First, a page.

Every modern war has had its root in exploitation. The Civil War was fought to decide whether [to] slaveholders of the South or the capitalists of the North should exploit the West. The Spanish-American War decided that the United States should exploit Cuba and the Philippines. The South African War decided that the British should exploit the diamond mines. The Russo-Japanese War decided that Japan should exploit Korea. The present war is to decide who shall exploit the Balkans, Turkey, Persia, Egypt, India, China, Africa. And we are whetting our sword to scare the victors into sharing the spoils with us. Now, the workers are not interested in the spoils; they will not get any of them anyway.
The preparedness propagandists have still another object, and a very important one. They want to give the people something to think about besides their won unhappy condition. They know the cost of living is high, wages are low, employment is uncertain and will be much more so when the European call for munitions stops. No matter how hard and incessantly the people work, they often cannot afford the comforts of life; many cannot obtain the necessities.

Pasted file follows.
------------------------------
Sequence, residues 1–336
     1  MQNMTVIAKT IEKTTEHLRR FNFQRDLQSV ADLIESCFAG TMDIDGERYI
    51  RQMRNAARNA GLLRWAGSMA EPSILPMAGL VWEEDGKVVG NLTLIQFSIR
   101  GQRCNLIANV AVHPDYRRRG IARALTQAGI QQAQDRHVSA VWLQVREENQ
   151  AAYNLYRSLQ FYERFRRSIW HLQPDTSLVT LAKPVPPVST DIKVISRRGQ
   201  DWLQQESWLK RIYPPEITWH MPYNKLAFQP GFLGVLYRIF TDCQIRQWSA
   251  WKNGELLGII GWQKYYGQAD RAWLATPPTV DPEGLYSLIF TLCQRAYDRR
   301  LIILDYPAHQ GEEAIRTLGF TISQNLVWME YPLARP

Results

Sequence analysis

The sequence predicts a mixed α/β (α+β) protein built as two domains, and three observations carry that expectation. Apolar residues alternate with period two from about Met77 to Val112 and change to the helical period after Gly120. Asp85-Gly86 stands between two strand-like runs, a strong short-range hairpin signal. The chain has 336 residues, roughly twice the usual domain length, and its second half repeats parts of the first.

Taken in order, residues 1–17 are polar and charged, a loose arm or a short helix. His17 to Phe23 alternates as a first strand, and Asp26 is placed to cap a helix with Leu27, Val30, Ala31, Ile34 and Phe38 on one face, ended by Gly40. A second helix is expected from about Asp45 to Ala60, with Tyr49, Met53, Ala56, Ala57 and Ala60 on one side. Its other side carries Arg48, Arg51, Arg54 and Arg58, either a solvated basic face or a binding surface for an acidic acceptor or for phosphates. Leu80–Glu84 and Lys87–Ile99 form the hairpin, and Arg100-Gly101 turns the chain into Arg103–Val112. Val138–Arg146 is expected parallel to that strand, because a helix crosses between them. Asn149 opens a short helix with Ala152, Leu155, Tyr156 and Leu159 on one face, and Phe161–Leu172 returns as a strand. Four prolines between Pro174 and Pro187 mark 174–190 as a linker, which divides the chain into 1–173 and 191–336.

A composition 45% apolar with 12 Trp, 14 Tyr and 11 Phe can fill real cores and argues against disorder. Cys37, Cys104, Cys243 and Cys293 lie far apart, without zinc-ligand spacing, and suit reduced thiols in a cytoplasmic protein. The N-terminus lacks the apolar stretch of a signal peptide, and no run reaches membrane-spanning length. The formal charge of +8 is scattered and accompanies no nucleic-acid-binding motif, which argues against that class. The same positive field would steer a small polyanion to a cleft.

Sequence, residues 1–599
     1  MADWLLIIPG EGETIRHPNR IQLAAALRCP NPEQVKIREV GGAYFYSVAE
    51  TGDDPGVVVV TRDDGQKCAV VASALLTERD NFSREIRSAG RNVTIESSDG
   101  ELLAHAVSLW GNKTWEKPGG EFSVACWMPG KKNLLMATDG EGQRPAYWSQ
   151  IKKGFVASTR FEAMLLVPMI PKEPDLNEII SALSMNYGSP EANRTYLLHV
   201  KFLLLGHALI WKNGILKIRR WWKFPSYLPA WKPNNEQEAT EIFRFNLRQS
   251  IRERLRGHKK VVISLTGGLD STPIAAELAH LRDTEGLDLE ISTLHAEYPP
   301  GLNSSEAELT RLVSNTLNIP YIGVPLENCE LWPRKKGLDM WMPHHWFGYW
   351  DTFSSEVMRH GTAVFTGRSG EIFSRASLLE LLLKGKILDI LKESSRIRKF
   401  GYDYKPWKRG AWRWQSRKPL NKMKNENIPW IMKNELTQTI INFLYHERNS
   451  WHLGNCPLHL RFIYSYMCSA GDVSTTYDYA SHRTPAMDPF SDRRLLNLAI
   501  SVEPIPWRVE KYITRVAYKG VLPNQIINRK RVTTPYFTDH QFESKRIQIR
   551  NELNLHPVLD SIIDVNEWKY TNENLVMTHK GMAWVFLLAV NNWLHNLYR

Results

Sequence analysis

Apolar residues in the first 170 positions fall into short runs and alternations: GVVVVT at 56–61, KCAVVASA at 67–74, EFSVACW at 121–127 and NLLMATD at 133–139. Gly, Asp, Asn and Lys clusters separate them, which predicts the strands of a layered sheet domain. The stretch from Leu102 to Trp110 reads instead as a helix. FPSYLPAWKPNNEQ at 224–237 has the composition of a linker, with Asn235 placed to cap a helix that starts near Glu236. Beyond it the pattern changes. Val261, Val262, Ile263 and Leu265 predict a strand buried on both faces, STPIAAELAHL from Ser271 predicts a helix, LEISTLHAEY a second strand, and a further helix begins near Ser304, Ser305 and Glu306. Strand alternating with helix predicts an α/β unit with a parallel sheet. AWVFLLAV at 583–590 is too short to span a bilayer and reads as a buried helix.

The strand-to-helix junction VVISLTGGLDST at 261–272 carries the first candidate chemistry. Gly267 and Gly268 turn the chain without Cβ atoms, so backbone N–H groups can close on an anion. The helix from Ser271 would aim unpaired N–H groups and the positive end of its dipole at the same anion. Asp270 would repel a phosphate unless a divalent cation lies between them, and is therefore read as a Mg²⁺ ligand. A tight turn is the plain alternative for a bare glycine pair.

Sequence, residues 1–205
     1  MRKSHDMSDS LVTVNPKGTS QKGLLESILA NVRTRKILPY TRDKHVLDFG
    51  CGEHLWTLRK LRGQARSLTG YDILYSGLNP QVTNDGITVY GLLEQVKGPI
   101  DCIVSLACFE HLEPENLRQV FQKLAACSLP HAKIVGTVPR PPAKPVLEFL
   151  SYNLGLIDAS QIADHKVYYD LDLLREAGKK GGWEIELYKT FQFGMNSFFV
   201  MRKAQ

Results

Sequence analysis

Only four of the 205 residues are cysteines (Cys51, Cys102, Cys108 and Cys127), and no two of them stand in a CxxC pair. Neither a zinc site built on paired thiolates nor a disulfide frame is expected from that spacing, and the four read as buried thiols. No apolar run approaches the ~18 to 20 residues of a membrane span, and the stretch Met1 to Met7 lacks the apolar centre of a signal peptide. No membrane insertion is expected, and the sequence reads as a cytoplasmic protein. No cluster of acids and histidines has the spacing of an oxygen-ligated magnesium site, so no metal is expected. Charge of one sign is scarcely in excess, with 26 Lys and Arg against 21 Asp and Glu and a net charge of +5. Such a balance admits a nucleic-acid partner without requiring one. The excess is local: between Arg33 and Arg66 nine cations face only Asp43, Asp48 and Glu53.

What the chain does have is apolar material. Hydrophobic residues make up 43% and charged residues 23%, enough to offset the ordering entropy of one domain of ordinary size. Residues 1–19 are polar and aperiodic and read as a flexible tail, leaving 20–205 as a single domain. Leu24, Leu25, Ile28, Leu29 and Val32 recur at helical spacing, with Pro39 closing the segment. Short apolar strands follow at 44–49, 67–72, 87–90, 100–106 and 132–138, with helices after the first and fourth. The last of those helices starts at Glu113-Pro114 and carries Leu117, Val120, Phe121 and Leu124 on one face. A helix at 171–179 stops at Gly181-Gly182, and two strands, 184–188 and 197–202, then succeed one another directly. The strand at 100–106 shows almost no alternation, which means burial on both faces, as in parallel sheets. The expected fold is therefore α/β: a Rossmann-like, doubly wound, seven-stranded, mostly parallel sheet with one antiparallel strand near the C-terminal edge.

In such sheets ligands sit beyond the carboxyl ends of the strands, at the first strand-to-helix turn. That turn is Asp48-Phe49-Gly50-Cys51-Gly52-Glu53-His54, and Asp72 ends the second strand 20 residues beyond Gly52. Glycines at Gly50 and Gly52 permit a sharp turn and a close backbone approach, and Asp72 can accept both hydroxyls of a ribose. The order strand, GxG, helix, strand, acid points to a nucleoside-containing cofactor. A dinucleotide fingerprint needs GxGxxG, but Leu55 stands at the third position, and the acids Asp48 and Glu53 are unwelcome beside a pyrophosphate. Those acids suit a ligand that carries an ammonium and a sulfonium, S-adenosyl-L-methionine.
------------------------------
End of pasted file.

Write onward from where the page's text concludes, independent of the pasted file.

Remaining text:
Every few days we are given a new war scare to lend realism to their propaganda. They have had us on the verge of war over the Lusitania, the Gulflight, the Ancona, and now they want the workingmen to become excited over the sinking of the Persia. The workingman has no interest in any of these ships. The Germans might sink every vessel on the Atlantic Ocean and the Mediterranean Sea, and kill Americans with every one — the American workingman would still have no reason to go to war.
All the machinery of the system has been set in motion. Above the complaint and din of the protest from the workers is heard the voice of authority.
“Friends,” it says, “fellow workmen, patriots; your country is in danger! There are foes on all sides of us. There is nothing between us and our enemies except the Pacific Ocean and the Atlantic Ocean. Look at what has happened to Belgium. Consider the fate of Serbia. Will you murmur about low wages when your country, your very liberties, are in jeopardy? What are the miseries you endure compared to the humiliation of having a victorious German army sail up the East River? Quit your whining, get busy and prepare to defend your firesides and your flag. Get an army, get a navy; be ready to meet the invaders like the loyal-hearted freemen you are.”